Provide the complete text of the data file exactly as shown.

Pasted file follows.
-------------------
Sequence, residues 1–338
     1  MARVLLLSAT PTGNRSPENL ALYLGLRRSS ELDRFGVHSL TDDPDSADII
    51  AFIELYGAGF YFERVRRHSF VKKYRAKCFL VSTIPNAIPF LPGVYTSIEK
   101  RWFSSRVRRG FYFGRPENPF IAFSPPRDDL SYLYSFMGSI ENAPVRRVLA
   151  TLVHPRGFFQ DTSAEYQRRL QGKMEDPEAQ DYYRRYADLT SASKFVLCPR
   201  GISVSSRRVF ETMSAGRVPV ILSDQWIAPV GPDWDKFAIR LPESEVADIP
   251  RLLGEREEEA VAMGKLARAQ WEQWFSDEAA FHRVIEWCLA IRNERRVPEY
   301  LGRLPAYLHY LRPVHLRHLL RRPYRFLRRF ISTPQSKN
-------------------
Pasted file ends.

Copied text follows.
Sequence, residues 1–338
     1  MARVLLLSAT PTGNRSPENL ALYLGLRRSS ELDRFGVHSL TDDPDSADII
    51  AFIELYGAGF YFERVRRHSF VKKYRAKCFL VSTIPNAIPF LPGVYTSIEK
   101  RWFSSRVRRG FYFGRPENPF IAFSPPRDDL SYLYSFMGSI ENAPVRRVLA
   151  TLVHPRGFFQ DTSAEYQRRL QGKMEDPEAQ DYYRRYADLT SASKFVLCPR
   201  GISVSSRRVF ETMSAGRVPV ILSDQWIAPV GPDWDKFAIR LPESEVADIP
   251  RLLGEREEEA VAMGKLARAQ WEQWFSDEAA FHRVIEWCLA IRNERRVPEY
   301  LGRLPAYLHY LRPVHLRHLL RRPYRFLRRF ISTPQSKN